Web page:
A list is on the next page.
The first time you mineralize, apply 10 lbs/1000 sq ft (10 kg / 1000 sq m) Azomite or Kelp for trace minerals. In a large area, apply what you can afford. Quantities can be reduced in subsequent years. Or, you may substitute foliar feeding with liquid kelp when leaf stomata are open, about every 2 weeks.
Many farmers prefer to lime in the fall, and add the other minerals in the spring. If this is not possible, all the minerals can be mixed together and applied at the same time.
Blend all minerals with compost or humates before applying, if possible. We especially recommend mixing phosphorus sources (rock phosphate and bone meal) and manganese with vermicompost, well-made active compost or humates (such as New Mexico leonardite) before applying. The phosphorus sources especially need a bioactive soil in order to be available to plants.
Humates are high CEC fossilized organic matter, associated with coal seams. They adsorb minerals onto their surface, and hold them so they are readily vailable to plants, a sort of chelation. Gently misting the humates before mixing with dry minerals encourages the minerals to connect with the humates. Humates are available as finely crushed rock or as micronized humates, for mixing with dry ingredients. Micronized humates are very fine particles which can also be applied with liquid fertilizers in a sprayer or through drip tape. It’s the humate’s surface area that counts, so a small package of very fine humates is as effective as a large bag of coarse material. Also, liquid humates are available which have been extracted with alkaline reagents. These are for mixing into liquid fertilizers.
Composted manure is a good source of phosphorus, potash, carbon, and sodium. It is a great substitute for rock phosphate and potassium sulfate, if your soil can stand the sodium usually accompanying manures. Compost is highly bio-active, and will provide a biological path for phosphorus assimilation when the ionic path is closed by high pH. Studies at Colorado State University (http://www.ext.colostate.edu/pubs/crops/00569.html) show rock phosphate is ineffective at high pH, but that manure and manure based compost are effective. And (or), here is a high P fish fertilizer you may want to try if you have a high pH soil: http://www.groworganic.com/pvfs-liquid-fish-2-4-0-2-gallon.html. Rock phosphate and bonemeal are especially unavailable to the plants if the pH is over 7.5. Instead, use composted manure, or mix rock phosphate or bonemeal or bone char into an active compost pile, then dig in the finished compost.
Unless your compost is tested for mineral levels (such a test costs in the $150 range), you won’t know how much to apply for P&K deficits. Make an educated guess, maybe spread a layer 1 inch thick, then re-test next year to see the compost’s contribution to P&K.
OrganiCalc has a place to enter the depth you will be digging your amendments in to. Normally this is 6 inches (15 cm), or the depth of your soil sample.
Phosphorus is immobile. Mix well into the soil. Zinc is immobile. Mix well into the soil.
OrganiCalc assumes the minerals will be mixed evenly to the depth of your soil sample. If you cannot mix the minerals into the soil, as in an orchard, you can safely apply amendments at half the rate of the 6 inch (15 cm) recommendation, fertilizing to a 3 inch (7.5 cm) depth. (However, at least one very experienced analyst recommends applying the whole 6 inch amount.) In subsequent years gypsum will help carry the minerals downward to a certain extent, so it is best to plan on applying part of any calcium requirement the second or third year, as gypsum. If you can, apply a mulch to cover the minerals, and let the roots grow into the mulch.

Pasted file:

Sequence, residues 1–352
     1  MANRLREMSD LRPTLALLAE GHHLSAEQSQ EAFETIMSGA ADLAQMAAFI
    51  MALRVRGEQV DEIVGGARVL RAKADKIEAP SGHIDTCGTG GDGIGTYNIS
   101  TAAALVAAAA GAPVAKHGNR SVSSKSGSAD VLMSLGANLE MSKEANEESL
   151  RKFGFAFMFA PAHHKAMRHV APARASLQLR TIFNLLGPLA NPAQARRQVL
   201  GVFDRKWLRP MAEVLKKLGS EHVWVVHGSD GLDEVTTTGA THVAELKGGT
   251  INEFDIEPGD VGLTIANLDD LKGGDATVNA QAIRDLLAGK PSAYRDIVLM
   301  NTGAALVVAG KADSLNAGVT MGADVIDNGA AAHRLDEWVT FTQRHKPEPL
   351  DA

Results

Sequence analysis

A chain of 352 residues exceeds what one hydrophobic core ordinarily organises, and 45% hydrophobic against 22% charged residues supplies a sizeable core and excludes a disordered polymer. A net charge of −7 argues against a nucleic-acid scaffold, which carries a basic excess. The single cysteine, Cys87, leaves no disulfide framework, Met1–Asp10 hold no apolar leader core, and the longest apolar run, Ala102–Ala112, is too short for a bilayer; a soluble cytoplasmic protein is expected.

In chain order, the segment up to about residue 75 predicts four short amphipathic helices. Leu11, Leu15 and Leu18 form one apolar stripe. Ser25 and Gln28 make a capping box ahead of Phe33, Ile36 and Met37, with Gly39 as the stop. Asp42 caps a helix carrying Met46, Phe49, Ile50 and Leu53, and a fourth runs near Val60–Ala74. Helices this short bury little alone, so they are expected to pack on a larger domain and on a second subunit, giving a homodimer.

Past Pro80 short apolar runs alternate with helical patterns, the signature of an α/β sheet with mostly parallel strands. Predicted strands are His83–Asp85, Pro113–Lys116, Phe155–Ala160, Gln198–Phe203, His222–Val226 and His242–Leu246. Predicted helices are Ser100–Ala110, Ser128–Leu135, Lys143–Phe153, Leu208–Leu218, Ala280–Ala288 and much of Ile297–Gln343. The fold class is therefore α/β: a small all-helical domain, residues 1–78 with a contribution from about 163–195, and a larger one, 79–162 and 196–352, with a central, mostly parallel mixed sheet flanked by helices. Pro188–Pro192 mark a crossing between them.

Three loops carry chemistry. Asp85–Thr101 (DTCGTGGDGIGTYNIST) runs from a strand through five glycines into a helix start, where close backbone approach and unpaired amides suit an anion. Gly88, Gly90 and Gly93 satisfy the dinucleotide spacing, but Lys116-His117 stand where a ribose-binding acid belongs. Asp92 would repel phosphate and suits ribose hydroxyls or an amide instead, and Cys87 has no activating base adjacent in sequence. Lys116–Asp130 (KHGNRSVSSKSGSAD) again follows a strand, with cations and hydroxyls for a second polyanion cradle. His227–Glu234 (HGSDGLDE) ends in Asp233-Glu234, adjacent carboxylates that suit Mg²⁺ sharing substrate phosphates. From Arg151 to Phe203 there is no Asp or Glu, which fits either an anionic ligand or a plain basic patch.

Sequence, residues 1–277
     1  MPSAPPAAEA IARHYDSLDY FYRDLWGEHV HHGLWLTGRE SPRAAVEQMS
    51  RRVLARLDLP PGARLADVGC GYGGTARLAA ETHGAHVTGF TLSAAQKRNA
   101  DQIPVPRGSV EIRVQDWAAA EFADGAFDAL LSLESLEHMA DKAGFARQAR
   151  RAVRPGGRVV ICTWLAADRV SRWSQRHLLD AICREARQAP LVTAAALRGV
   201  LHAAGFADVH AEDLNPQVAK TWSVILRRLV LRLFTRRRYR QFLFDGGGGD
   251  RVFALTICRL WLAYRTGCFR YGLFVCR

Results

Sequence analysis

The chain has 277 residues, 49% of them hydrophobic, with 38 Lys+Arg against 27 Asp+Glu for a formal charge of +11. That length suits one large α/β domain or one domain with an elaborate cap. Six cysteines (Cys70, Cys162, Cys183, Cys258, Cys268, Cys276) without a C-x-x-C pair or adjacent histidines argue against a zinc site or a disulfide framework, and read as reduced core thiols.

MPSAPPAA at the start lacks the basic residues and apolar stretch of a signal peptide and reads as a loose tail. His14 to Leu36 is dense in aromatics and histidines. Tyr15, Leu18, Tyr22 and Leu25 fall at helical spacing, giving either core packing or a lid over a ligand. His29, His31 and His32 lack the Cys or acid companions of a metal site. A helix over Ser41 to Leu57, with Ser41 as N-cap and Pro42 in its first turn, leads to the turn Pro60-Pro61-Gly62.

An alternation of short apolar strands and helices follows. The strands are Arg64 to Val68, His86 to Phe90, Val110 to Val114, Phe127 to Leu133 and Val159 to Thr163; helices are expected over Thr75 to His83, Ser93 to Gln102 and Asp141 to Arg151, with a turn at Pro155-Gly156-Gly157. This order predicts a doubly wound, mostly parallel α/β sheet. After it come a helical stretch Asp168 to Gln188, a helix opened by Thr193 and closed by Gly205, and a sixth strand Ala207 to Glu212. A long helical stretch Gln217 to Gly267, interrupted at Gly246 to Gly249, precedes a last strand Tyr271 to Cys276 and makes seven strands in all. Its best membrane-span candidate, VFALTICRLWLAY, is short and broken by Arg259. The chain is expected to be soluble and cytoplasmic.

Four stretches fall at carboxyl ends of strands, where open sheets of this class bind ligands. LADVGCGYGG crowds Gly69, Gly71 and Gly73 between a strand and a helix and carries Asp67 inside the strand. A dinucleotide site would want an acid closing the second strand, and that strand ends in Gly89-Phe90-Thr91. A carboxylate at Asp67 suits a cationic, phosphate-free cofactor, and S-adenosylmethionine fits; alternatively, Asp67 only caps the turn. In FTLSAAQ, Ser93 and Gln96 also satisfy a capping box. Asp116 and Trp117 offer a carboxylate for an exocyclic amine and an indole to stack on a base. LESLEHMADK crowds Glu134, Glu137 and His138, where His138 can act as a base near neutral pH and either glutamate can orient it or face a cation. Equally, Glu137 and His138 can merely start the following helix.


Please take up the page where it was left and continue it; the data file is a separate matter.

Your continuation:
If you can’t mix the minerals in, stratification will be an issue, especially if water is limited. Subsequent soil tests should be at different depths, from 1 to 6 inches.
When transplanting, it’s nice to mix a tablespoon of bat guano with mycorrhiza into the soil immediately around the plant. This seems to make a big difference in my garden. Apply OMRI organic fish hydrosylate (E.B. Stone or equivalent) to young or leafy crops as needed. Do this about every 2 weeks when the soil is cold and doesn’t release enough N.
Many of the anions (N, S and B) leach readily and are used in large quantities by growing crops. If a second crop is planted, side-dress or dig-in feathermeal at 20 lbs /1000 sq ft (20 kg /1000 sq m). In cooler climates use feathermeal at 30 lbs/1000 sq ft (30 kg /1000 sq m). Sulfur and nitrogen work together, so blend up to 10 lbs/1000 sq ft of gypsum with the nitrogen. If you know your boron levels are low from an earlier soil test, you can carefully add a bit of boron too.
Sometimes we end up having much less zinc than phosphorus in the soil because of our application limit on zinc. Phosphorus could be blocking the plant’s uptake of zinc if available phosphorus is greater than 10x available zinc by weight. If you suspect a zinc deficiency you can try foliar feeding zinc sulfate (heptahydrate is more soluble than monohydrate) at 1 tbsp. /gallon to see if you get a response. Better yet, use chelated zinc as a foliar.
You may want to retest next year at the same time of year, using the same lab, especially if your soil required fairly heavy applications of minerals or if you reached the application limits for any minerals. Once you get to the point where you know what to expect and your food is of excellent quality, you’ll realize that you don’t need to test as often.
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